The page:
|Publication number||US6639179 B2|
|Application number||US 10/052,912|
|Publication date||Oct 28, 2003|
|Filing date||Jan 23, 2002|
|Priority date||Jul 23, 1999|
|Also published as||DE10035446A1, EP1202833A1, EP1202833B1, US20020121507, WO2001007195A1, WO2001007195A9|
|Publication number||052912, 10052912, US 6639179 B2, US 6639179B2, US-B2-6639179, US6639179 B2, US6639179B2|
|Inventors||Sven Vogler, Roland Kaplan|
|Original Assignee||Heidelberg Instruments Mikrotechnik Gmbh|
|Export Citation||BiBTeX, EndNote, RefMan|
|Patent Citations (10), Referenced by (4), Classifications (25), Legal Events (4)|
|External Links: USPTO, USPTO Assignment, Espacenet|
This application is a continuation of international patent application no. PCT/EP00/06914, filed Jul. 19, 2000, designating the United States of America, the entire disclosure of which in incorporated herein by reference. Priority is claimed based on Federal Republic of Germany patent application no. DE 199 33 872.8, filed Jul. 23, 1999.
The invention relates to a method of producing microbore holes and to an apparatus for producing microbore holes. A method and an apparatus for producing microbore holes of the aforementioned type are known from published European Patent Application No. EP 884,128. According to this document, a substrate is arranged on an XY stage or table which can be positioned along X and Y coordinates in the desired treatment positions, whereby the bore hole coordinates of the borings to be introduced and additional information such as bore hole diameter are provided by a computing system. In order to enable the production of bore holes with diameters of 50 μm or less using a conventional CO2 laser, the laser beam is converted to a beam having a small wavelength, using a tellurium crystal. Changing the diameter of the beam or the spot is not described.
Furthermore, it is problematic that when the laser power is increased to produce larger bore hole diameters, instead of a cylindrical bore hole a conical expansion of the bore hole can occur as a result of focusing the laser beam.
In addition, a method and an apparatus for treating substrates are known from U.S. Pat. No. 5,690,846, in which errors resulting from distortions and/or faulty alignments of the substrate can be compensated for by using a special computer method. There is no reference therein to influencing the diameter of the spot.
An object of the present invention is to provide a new method of the aforementioned type so as to enable rapid and reliable production of bore holes having different diameters.
Another object of the invention is to provide a new apparatus of the aforementioned type with which bore holes having different diameters can be rapidly and reliably produced.
These and other objects are achieved in accordance with the present invention by providing a method of producing microbore holes in a multilayer substrate that is displaced below writing optics by an XY stage, wherein the writing optics generate a spot from a light beam source; the position of the light spot within a working field is changed simultaneously with substrate treating positions by a positioning unit comprising electronically controlled, movable mirrors; the position of the substrate is determined; signals corresponding to the substrate position are processed by a computer to obtain an actual position of the XY stage, and the diameter of the spot is changed by an expansion ratio determined by the computer, using variable beam expansion optics.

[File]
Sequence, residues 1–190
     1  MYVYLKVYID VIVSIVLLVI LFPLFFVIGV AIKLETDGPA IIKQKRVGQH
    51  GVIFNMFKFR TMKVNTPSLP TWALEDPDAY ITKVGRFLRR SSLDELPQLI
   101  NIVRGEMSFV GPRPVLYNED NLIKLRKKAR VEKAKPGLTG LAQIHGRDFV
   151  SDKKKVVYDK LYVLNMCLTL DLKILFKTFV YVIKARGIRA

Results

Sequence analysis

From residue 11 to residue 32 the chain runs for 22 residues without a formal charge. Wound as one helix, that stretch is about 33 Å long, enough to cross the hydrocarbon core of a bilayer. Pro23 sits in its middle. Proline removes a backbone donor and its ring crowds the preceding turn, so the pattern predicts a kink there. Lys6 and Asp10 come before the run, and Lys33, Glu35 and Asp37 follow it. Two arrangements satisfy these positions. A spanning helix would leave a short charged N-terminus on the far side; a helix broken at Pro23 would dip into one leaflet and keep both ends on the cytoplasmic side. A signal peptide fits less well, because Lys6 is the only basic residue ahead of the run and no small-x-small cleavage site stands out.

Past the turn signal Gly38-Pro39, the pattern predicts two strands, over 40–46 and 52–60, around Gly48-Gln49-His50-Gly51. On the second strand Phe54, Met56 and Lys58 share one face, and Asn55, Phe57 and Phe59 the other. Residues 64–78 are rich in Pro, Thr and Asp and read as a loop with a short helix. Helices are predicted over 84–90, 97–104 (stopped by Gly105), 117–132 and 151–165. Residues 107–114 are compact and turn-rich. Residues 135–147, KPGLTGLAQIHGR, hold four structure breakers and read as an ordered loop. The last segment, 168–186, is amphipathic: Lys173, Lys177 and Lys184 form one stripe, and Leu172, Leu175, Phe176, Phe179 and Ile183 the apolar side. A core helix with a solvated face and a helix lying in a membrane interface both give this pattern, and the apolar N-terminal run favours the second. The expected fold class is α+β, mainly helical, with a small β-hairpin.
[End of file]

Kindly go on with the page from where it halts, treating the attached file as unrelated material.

In accordance with another aspect of the invention, the objects are achieved by providing an apparatus for producing microbore holes in a multilayer substrate comprising writing optics for generating a light spot from a light beam source; an XY stage for moving the substrate to different treatment positions below the writing optics; the writing optics including a beam deflecting unit comprising electronically controlled, movable mirrors for changing the position of the light spot within a working field on the substrate simultaneously with the treatment positions; means for determining the position of the substrate, and a computer for processing signals corresponding to the substrate position to obtain an actual position of the XY stage, wherein the writing optics further comprise a variable beam expansion optics arranged in a light beam path between the light source the beam deflection unit; the variable bean expansion optics outputing a light beam having a diameter that is varied according to an expansion ratio determined by the computer.
In the method and apparatus of the invention, the light from a pulsed laser, for example UV light from a frequency-multiplied Nd:YAG laser or infrared light from a CO2 laser, can be used to produce bore holes in materials used in the production of electronic printed circuit boards. The parameters of the light source and the optics used, such as the laser power, pulse duration, and size of the spot, are generally known to persons skilled in the art. Treatment systems of the current art basically comprise an XY stage that positions the substrate to be treated below an optical structure that is appropriate for the optical requirements. The optical structure performs two functions. First, it produces an intense pulsed laser spot for treating the substrate at the required position. Second, it determines the position by recognizing preset substrate marks from previous production steps. This step requires an image processing system comprising an electronic camera and a suitably equipped computer system that determines the desired positional information from the camera signals.